Aedeagus ( Figs 46–53View FIGURES 46 – 53) as in most other species of the genus moderately voluminous in middle, 3.20–3.40 mm long, 0.80–0.90 mm wide, apical portion gradually attenuated, towards rather narrow, elongate-spatulate, above rounded to subtruncate apex; apical orifice with a small, convex protrusion (usually with protruding flagellum); structure of internal sack ( Fig. 50View FIGURES 46 – 53) characteristic of the genus, with large voluminous, reniform, usually above folded central-ventral piece, but in this species complex connected with moderately bulbous base of convoluted flagellum, its flagelliform part usually protruding from the dorsoapical orifice; other sclerites comprise: thin, upper dorsal arciform piece with short, thin basal appendage, and large, elongate basodorsal piece.
Variability. Besides the variability stressed in the “Redescription” above, the pronotal disc is variably reddish or green-blue, particularly in middle; its smooth surface possesses only a few, very indistinct and shallow wrinkles along the median line, rarely a few, very shallow (light-refracting) wrinkles reach sublateral areas ( Figs 38, 40, 42View FIGURES 38 – 45), but never reach lateral areas.
Some adults are more vividly reddish-cupreous coloured on the elytral disc. The shiny coloration of the pronotum varies from reddish, golden, to blue-green. Type specimens both of O. mexicana and the synonymous O. quadrina have shiny, almost smooth and notably polished surface of the subglobose pronotal disc ( Figs 38–45View FIGURES 38 – 45) with only indistinct, shallow wrinkles along the median line. In some adults, mostly males, the few, short and shallow, more distinct wrinkles along the median line may appear in photographs as strongly light-refracting, but the lateral areas are always polished.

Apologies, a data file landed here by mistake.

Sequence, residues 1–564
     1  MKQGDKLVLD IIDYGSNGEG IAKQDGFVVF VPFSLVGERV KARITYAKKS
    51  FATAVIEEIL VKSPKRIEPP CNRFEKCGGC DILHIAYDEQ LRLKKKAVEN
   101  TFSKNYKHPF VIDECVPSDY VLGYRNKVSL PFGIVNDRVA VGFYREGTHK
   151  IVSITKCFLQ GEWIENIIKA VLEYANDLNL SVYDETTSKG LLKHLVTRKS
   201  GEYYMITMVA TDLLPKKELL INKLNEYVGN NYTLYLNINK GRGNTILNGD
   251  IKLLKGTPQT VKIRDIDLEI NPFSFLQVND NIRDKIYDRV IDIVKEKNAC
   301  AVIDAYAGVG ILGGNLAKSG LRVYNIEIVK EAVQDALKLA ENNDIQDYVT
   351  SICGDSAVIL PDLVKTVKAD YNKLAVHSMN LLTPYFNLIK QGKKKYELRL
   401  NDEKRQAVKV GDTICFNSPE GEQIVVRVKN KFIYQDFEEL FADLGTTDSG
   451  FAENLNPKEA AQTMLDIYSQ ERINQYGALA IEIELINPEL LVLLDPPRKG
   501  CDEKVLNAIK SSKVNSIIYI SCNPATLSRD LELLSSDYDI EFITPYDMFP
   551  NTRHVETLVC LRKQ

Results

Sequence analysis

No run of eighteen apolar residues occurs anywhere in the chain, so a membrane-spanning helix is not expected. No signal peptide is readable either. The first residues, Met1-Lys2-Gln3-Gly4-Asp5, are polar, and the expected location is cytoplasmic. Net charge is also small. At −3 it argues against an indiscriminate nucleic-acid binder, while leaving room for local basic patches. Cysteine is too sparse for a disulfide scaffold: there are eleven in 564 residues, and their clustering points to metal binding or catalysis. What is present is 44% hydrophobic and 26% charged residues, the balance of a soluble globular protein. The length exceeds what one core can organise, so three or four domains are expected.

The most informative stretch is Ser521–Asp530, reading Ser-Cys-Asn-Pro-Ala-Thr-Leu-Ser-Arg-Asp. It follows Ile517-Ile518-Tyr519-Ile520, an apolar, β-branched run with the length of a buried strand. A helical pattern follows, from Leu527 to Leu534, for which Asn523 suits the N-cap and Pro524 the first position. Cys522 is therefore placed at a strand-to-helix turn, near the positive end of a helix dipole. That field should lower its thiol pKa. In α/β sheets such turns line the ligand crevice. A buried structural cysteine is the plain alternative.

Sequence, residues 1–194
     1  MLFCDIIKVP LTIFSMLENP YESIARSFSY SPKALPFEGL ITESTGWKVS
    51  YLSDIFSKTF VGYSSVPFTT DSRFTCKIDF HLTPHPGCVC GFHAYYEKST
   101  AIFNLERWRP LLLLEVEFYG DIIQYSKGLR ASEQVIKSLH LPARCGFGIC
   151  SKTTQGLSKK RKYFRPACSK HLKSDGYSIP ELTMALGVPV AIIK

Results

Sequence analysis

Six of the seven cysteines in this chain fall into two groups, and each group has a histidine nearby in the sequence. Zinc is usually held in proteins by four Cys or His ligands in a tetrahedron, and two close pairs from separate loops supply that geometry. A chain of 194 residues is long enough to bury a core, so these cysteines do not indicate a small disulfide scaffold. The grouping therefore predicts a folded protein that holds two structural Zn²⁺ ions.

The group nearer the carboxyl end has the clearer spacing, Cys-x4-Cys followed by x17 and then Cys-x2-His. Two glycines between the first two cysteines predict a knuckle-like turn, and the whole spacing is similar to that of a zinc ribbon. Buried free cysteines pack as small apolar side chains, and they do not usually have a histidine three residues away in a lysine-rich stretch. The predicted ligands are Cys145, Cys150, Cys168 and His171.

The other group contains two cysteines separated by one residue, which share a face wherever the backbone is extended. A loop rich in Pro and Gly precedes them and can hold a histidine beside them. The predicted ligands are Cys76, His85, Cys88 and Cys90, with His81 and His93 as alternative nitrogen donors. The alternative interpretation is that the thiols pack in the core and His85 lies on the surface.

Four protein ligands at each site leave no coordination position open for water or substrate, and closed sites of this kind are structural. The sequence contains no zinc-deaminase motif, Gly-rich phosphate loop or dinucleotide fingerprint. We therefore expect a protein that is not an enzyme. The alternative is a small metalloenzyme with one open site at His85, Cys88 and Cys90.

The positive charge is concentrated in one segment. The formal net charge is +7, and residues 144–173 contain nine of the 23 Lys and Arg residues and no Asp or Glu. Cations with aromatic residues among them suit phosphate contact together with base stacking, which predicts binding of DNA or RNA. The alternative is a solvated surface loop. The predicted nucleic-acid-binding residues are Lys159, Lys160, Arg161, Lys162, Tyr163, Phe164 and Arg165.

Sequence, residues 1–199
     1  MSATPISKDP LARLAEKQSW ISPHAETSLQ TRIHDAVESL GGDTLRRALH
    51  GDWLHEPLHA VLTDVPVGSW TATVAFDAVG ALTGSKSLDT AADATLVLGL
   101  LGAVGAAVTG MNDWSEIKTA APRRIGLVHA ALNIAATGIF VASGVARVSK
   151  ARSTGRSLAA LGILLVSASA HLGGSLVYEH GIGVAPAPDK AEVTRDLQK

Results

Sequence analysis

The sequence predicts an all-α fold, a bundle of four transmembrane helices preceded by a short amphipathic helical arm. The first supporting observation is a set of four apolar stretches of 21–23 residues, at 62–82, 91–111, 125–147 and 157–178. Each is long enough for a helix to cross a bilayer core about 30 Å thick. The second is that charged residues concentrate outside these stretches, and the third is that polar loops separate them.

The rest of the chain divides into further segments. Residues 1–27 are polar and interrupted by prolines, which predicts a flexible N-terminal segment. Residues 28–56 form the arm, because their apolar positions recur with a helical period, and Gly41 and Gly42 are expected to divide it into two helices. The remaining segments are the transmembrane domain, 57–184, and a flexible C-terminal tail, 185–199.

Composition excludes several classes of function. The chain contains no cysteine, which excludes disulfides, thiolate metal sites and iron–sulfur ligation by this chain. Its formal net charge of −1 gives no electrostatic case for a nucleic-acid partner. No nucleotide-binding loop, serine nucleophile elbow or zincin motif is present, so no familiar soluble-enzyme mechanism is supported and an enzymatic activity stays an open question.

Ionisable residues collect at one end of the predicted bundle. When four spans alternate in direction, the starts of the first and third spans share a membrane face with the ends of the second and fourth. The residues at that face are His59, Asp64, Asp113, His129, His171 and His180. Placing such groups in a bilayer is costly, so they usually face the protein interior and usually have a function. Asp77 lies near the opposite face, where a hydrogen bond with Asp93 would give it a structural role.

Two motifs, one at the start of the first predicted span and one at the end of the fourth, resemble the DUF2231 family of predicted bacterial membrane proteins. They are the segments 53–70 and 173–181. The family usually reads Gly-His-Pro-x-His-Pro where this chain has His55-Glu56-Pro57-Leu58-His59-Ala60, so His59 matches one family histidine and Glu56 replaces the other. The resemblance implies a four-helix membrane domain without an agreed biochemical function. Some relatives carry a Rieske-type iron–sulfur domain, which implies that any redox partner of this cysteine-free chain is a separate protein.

Because of the variable pattern of the elytral punctation, O. quadrina , was considered to be a separate species (see also in “Remarks” below). However, the isolated and only occasionally anastomosing elytral punctures in some adults including the type of O. mexicana commonly vary not only in populations, but also in syntopic adults, as demonstrated in Figs (19–37). Moreover, the pattern of the elytral punctation considerably changes depending on the angle of illumination: the isolated punctures, particularly on posterior elytral half, appear as anastomosing in chains when illuminated from a different angle; thus photos of the elytra taken under different angle of illuminations may show very different pattern of the punctation as demonstrated in Figs 22–23 and 24–25View FIGURES 19 – 27.
The size and shape of the white elytral maculae also vary and can hardly be differentiating characters; the lateromedian macula is in some females of a virgule-like shape ( Figs 31–32View FIGURES 28 – 37), and the humeral macula in syntopic females, independent of the locality, is either reduced, barely visible from above, or entirely missing. Rivalier (1969) hesitated to consider O. quadrina a subspecies of O. mexicana , and he somewhat misleadingly noted that O. quadrina may differ in having smaller white maculae. Nevertheless, the female lectotype of the synonymous O. quadrina in MNHN from the collection Chevrolat (which was not obviously examined by Rivalier) have the whitish elytral maculae quite large ( Figs 6View FIGURES 1 – 6, 26View FIGURES 19 – 27), comparable with those of the lectotype of O. mexicana ( Figs 1View FIGURES 1 – 6, 24– 25View FIGURES 19 – 27). Some adults from Palenque (state of Chiapas) have large whitish maculae and coarser and more anastomosing elytral punctation as in the female lectotype of the synonymous O. quadrina , but the pattern of the elytral punctation varies not only in populations but also in syntopic adults as demonstrated in Figs 19–37View FIGURES 19 – 27View FIGURES 28 – 37, with contrasting pattern also in the syntopic adults from Palenque ( Figs 33–37View FIGURES 28 – 37).